At a time when the country's economy was on its way for a turnaround from pandemic-induced losses, the banking sector has fallen into deep trouble with default loans shooting up by Tk22,000 crore in the first six months of the current year after the end of the moratorium facility in December last year.
The default loans stood at Tk1.25 lakh crore at the end of June from Tk1.03 lakh crore in December last year, according to data from the Bangladesh Bank released on Thursday.
The banking sector saw a sharp rise of Tk11,816 crore in default loans in the April-June quarter, taking the rate to 8.96%. In the January-March quarter, default loans rose by Tk10,167 crore.
Business activities had returned to normal since last year following a pandemic-led hiatus, but default loans kept rising as banks moved for classifying accounts that were shown regular under the moratorium package, say bankers.
Moreover, some borrowers willingly remained irregular in repayments, with intent to avail the new loan rescheduling facilities at a discounted down payment offer, they note.
Md Mehmood Husain, managing director at National Bank, said banks moved for classifying loans after the lifting of the general moratorium facility offered during the pandemic.
Repayments of borrowers in real estate and hospitality industries were bad during the pandemic, which are now being classified, he also said.
Moreover, many clients are willing to reschedule their loans under a new rescheduling policy at discounted down payments, he said.
Many borrowers who could not regularise their loans due to high down payments were waiting for the new policy, he added.
Mutual Trust Bank MD Syed Mahbubur Rahman said when businesses started to recover from pandemic-triggered losses, the Russia-Ukraine war dealt another blow to borrowers.
Moreover, large industries recovered fast but small and medium enterprises failed to make a full recovery and are now turning into defaulters, he noted.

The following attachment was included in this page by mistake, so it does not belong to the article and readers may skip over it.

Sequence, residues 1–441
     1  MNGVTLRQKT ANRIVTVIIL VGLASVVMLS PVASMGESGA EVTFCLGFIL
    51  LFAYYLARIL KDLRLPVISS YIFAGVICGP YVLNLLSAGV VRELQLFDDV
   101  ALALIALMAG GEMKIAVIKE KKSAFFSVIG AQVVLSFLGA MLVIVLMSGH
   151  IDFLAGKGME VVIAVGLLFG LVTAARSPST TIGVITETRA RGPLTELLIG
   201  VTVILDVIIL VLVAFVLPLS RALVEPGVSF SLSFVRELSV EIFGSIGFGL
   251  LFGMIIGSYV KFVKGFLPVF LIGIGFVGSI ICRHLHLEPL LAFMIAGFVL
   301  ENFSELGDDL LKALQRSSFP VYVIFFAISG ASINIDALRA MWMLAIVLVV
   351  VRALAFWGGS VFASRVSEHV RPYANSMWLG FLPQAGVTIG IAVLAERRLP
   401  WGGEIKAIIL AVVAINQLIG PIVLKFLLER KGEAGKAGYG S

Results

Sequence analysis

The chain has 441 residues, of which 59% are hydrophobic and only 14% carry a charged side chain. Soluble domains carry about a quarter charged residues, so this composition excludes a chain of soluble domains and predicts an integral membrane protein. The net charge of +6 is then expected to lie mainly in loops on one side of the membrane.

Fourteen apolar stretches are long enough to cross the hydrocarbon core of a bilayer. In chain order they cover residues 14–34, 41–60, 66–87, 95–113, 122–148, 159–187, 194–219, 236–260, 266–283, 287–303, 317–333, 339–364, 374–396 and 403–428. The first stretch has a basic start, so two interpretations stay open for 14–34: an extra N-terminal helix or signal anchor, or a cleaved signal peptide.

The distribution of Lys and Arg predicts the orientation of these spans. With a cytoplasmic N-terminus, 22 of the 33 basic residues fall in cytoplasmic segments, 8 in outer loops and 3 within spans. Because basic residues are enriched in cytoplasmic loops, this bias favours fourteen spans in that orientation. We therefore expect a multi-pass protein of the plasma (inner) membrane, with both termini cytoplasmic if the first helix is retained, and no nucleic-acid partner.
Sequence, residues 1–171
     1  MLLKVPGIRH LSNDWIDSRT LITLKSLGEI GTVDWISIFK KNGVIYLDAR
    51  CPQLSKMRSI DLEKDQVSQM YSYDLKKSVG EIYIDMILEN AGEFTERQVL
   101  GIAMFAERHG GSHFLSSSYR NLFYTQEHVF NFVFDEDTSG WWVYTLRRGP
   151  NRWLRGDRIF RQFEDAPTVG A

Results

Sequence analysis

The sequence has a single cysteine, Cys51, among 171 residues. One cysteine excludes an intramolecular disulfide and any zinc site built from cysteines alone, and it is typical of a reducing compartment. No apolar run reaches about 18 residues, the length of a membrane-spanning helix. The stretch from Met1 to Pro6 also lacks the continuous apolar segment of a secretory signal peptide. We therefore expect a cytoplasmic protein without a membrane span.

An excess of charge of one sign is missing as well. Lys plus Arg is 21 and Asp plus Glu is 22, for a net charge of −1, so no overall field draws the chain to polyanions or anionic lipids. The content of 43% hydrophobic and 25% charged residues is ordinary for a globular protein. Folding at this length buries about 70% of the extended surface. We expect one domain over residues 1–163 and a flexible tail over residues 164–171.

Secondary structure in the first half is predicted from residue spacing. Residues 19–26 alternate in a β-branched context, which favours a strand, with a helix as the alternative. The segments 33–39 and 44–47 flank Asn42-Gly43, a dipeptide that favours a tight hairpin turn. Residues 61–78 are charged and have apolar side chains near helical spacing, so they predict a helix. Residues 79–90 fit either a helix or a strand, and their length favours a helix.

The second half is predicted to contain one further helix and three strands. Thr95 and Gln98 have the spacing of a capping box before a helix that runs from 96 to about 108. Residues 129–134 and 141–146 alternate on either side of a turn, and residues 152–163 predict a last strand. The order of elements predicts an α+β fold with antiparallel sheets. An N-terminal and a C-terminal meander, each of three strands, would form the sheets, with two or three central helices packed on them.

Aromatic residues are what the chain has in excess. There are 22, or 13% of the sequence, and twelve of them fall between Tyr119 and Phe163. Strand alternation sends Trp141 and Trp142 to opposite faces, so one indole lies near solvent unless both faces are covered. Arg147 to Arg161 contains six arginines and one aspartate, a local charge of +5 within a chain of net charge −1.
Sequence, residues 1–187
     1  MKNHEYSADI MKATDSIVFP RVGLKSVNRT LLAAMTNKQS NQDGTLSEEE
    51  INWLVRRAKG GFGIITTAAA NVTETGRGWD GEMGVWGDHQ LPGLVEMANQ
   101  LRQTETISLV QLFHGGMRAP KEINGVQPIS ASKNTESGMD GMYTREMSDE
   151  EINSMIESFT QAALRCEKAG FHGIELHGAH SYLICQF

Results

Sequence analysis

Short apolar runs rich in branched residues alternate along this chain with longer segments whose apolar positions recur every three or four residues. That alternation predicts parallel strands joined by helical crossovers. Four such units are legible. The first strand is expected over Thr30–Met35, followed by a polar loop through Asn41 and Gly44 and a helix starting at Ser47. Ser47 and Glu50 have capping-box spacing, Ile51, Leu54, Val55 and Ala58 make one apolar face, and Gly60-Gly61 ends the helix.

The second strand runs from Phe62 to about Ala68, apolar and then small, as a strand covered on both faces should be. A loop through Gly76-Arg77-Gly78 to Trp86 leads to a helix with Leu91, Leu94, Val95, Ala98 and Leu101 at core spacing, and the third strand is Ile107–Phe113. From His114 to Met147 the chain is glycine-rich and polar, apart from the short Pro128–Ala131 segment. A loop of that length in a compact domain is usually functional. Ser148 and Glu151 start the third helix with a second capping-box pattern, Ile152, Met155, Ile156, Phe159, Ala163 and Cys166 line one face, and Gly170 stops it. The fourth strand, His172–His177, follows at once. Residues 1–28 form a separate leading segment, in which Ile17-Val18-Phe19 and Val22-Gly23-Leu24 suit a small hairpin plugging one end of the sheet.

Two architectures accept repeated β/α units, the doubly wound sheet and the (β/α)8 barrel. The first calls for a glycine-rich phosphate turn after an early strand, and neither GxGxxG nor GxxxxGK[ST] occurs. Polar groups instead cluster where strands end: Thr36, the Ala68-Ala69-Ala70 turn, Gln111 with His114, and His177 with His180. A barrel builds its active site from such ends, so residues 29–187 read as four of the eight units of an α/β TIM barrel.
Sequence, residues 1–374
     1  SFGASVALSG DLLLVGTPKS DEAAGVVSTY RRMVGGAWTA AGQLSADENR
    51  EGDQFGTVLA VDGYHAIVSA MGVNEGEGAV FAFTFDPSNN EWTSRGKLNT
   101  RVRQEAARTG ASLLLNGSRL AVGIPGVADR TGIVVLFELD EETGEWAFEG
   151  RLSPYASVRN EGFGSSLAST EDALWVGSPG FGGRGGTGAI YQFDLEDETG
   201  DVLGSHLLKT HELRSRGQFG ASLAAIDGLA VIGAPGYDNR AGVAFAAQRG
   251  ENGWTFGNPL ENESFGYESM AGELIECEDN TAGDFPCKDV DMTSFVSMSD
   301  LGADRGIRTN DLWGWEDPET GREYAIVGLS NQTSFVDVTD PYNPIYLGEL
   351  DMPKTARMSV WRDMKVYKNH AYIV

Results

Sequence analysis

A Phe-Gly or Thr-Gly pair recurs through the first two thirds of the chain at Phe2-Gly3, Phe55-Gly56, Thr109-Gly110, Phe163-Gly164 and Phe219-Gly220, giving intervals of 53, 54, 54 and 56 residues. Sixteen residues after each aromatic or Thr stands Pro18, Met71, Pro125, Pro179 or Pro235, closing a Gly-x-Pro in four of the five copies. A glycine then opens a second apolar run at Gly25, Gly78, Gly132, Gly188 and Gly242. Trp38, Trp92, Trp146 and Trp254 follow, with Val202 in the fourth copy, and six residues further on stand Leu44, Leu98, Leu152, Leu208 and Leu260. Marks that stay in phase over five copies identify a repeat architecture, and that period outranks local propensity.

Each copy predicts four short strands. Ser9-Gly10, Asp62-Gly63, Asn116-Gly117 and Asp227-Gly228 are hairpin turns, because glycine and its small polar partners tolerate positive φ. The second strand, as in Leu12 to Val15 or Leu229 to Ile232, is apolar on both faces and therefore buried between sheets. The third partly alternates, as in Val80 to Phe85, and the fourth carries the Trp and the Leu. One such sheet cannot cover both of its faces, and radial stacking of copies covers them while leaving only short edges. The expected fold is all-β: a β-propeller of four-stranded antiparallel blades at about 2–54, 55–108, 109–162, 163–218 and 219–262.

Anticipating the default loan wave, the Bangladesh Bank revised up its rescheduling policy with a mega discount on down payments.
At the same time, borrowers were allowed to reschedule their loans for a long time – up to 29 years.
According to the new circular issued on 18 July, defaulters are allowed to reschedule their loans by paying a down payment – minimum 2.5% and maximum 4.5% of their outstanding overdue.
Previously, the required down payment was minimum 10%-30% but defaulters would take a discount from the Bangladesh Bank under special consideration.
Moreover, previously, banks could allow defaulters to reschedule loans for a maximum of three times, but they can now do so up to four times.
Bankers hoped that the new rescheduling policy will help banks cut default loans.
Mohammad Shams-Ul Islam, managing director at Agrani Bank, said state-owned banks will benefit more from the new policy as their customers are worst in the industry. Some customers make payments to private banks regularly, but they do not want to do so in the case of the state-owned banks.
Of the total default loans, state-owned banks accounted for 21.93% and private banks for 6% at the end of June, according to data from the Bangladesh Bank.
Default loans in the banking sector increased by Tk14,539 crore in 2021 after loan moratoriums were partially lifted.
Although resumption of business activities increased money flow last year, many borrowers were yet to meet payments, forcing banks to classify a number of loans, causing a rise in defaults, industry insiders said.
The banking sector experienced a 16.38% growth in default loans after many banks refrained from extending the moratorium facility in 2021.
The payment deferral that the central bank offered for January-December in 2020 helped banks reduce default loans amounting to Tk5,600cr throughout the year.
Default loans came down to Tk88,734cr in December 2020, which was 7.66% of total loans, the lowest in recent years.
The payment deferral facility, however, was partially lifted from the beginning of last year, causing a sharp rise in default loans, which crossed Tk1 lakh crore in September last year.